Basic Foreclosure Procedure at High Court (Registry Title)


For Registry title, the application for an order for sale must be made to the courts and is governed by Order 83 of the Rules of Court 2012 (hereinafter refer to as “ROC 2012”) and Section 256 National Land Code 1965 (hereinafter refer to as “NLC 1965”).


The basic procedure are as follows"-


1. Letter of Demand / Letter of Recall

A letter of demand (LOD) will be issued to the Borrower/Chargor requesting for the arrears to be paid; failing which, a letter of recall (LOR) will then be issued to the Borrower/Chargor requesting for whole outstanding amount.


2. Form 16D

Before the Chargee can make the application to the courts, Form 16D must be issued against the Chargor pursuant to Section 254 NLC 1965. The Chargor is required to remedy the breach within one month of the date on which such Form 16D was served.


3. Originating Summons and Affidavit In Support

The application is made by Originating Summons (“OS”) supported by affidavit (“AIS”) in accordance with Order 83 ROC 2012. A Further Affidavit will be filed to state the particulars of the amount remaining due under the charge as at the hearing date of the OS (Order 83 rule 3 ROC 2012).


4. Service of Cause Papers

A copy of OS and AIS will be served unto the Chargor not less than 4 clear days before the first hearing day (Order 83 rule 2 (2) ROC 2012). If the Chargor is absent from the hearing and the hearing is adjourned, the Chargee shall serve on the Chargee a written notice together with any Further Affidavit intended to be used at the hearing day not less than 2 clear days before the next hearing day (Order 83 rule 2 (4) ROC 2012).

Affidavit of service must be filed to prove the abovementioned service of cause papers.


5. Hearing

Section 256 (3) NLC 1965 provides that the Court shall order the sale of the land to which it relates unless there is cause to the contrary. The burden of proving cause to the contrary is on the Chargor. In the case of Low Lee Lian v Ban Hin Lee Bank Bhd [1997] 2 CLJ 36, the Federal Court held that “cause to the contrary” can be established in the following categories:-

  1. Failure to satisfy the notice requirement in Form 16D;
  2. Failure to comply with the procedural requirements of Order 83 ROC 2012;
  3. Exceptions to the indefeasibility doctrine in Section 340 NLC 1965; and
  4. Grant of Order for Sale would be contrary to rule of law or equity.

In the event the Chargor is able to prove cause to the contrary, the Chargee’s application will be dismissed.

In the instance where the Chargor fails to prove such cause to the contrary, an Order for Sale will be granted with cost and a tentative auction date will be fixed by the Court. The Order for Sale will then be served unto the Chargor.


6. Application for Execution

After the granting of an Order for Sale, an application is made by Notice of Application supported by affidavit exhibiting the said Order for Sale and a copy of the Valuation Report. A valuation report will deemed to be valid if it is made within 2 years from the date of filing of application (Practice Direction No. 1/2014).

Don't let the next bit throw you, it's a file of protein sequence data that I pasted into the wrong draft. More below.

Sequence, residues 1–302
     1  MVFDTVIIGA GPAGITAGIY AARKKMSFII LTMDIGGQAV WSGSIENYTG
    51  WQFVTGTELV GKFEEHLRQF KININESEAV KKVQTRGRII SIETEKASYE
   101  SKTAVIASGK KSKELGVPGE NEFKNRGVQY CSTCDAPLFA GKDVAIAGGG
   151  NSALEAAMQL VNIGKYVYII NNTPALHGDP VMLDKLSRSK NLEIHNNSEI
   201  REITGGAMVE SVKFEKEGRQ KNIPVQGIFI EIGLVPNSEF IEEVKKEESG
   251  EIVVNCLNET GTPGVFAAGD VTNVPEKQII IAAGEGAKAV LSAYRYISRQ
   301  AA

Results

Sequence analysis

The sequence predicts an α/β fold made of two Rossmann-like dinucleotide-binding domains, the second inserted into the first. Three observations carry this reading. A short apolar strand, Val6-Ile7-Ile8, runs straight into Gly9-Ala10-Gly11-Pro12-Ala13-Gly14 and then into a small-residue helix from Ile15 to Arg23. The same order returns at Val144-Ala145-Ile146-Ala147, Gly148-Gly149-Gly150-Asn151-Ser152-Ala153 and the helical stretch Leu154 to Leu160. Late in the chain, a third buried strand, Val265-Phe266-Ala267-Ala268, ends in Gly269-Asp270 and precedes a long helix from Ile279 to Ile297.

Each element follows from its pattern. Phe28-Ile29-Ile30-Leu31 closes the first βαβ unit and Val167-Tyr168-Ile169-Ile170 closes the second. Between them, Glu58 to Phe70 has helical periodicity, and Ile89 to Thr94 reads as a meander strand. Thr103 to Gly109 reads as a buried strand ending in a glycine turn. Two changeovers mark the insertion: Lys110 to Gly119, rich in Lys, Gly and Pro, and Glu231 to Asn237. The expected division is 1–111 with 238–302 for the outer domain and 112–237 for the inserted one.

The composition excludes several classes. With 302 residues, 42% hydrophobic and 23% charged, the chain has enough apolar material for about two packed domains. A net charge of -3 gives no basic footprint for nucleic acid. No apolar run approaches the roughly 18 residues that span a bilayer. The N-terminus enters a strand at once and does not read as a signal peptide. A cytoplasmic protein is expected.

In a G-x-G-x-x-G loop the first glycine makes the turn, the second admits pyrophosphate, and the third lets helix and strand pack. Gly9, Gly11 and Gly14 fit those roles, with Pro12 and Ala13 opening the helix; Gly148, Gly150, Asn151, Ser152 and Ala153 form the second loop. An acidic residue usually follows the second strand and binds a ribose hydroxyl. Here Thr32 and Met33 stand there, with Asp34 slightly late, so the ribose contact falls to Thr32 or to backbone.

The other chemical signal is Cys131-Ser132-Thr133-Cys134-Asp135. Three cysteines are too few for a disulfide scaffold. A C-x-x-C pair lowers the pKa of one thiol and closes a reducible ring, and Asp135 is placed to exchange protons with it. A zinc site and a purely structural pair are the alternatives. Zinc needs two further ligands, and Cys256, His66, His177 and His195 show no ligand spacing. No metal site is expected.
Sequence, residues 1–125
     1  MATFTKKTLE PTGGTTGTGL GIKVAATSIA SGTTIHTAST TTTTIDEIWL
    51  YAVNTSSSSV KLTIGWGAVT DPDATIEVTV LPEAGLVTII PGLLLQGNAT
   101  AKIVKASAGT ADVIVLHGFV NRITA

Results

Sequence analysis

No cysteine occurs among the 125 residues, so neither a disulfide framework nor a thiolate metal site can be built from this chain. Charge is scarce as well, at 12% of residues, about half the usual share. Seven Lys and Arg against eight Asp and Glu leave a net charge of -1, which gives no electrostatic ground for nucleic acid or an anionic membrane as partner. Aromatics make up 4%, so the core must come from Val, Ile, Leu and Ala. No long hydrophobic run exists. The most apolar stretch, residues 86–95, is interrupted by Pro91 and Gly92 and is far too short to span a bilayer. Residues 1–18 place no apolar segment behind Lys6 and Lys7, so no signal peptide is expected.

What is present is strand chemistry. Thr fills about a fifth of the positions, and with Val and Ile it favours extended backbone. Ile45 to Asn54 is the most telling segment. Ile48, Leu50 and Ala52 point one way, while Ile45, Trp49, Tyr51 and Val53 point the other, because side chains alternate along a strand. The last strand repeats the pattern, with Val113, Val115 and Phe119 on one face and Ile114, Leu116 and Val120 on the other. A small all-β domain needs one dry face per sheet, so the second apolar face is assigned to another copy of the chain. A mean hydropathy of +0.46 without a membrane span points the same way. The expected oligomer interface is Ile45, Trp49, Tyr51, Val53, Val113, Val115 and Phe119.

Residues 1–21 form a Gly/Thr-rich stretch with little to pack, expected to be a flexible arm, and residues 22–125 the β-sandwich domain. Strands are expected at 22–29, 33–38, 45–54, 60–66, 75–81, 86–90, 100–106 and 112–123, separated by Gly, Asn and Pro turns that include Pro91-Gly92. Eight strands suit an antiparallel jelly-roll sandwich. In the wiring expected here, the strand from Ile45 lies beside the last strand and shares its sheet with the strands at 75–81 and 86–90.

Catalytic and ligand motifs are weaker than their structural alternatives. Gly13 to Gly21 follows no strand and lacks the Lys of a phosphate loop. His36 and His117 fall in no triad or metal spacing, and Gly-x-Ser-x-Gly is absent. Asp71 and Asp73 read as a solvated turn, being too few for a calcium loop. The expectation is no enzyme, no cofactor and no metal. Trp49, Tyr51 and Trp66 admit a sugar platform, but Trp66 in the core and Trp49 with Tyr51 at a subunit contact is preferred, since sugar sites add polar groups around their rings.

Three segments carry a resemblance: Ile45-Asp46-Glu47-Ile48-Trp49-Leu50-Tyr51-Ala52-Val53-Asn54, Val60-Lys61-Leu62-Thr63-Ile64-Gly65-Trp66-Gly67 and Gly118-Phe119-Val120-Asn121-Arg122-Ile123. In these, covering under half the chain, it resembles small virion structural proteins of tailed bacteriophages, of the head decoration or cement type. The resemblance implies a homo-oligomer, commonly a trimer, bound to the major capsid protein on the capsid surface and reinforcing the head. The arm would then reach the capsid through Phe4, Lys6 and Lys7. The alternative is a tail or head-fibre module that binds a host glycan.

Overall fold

The Registrar of the Court will then fix an auction date (if the earlier auction date cannot be used) and a reserve price for the purpose of the sale, which is equivalent to the estimated market value of the land. (Section 257 (1)(d) NLC 1965). An auctioneer will also be appointed by the Court.


7. Preparing of Proclamation of Sale (“POS”) and Conditions of Sale (“COS”)

The appointed auctioneer will prepare the POS and COS. After being vetted by the Chargee’s solicitor, the POS and COS will then be advertised in selected newspapers; distributed around the area of the property and be served on the Chargor.


8. Depositing of Original Documents and Deposit into court

One week before the auction date, the deposit (3% of the reserve price of the property) has to be paid to the court. Simultaneously, the original Title and duplicate Charge are to be deposited with the court. Failing which, the Court has the right to postpone the auction.


9. Auction Date

Every interested bidder has to pay 10% of the reserve price to the Court by way of bank draft on the auction day before the auction starts. The Successful bidder has to pay the balance purchase price (“BPP”) within 120 days. In the event the successful bidder fails to settle the BPP within 120 days, the 10% deposit will be forfeited by the Chargee. A new Notice of Application to fix new auction date shall be filed within 8 weeks from the expiration of 120 days. Failing which, the deposit and original documents will be returned to the Chargee and the file will be closed (Practice Direction No. 1/2014).

The Chargee may also withdraw the auction anytime before the auction date (by filing Notice of Discontinuance) if there is payment made by the Chargor. Nonetheless, if the Chargee intends to proceed with auctioning the property again, he may do so by filing a fresh Notice of Application.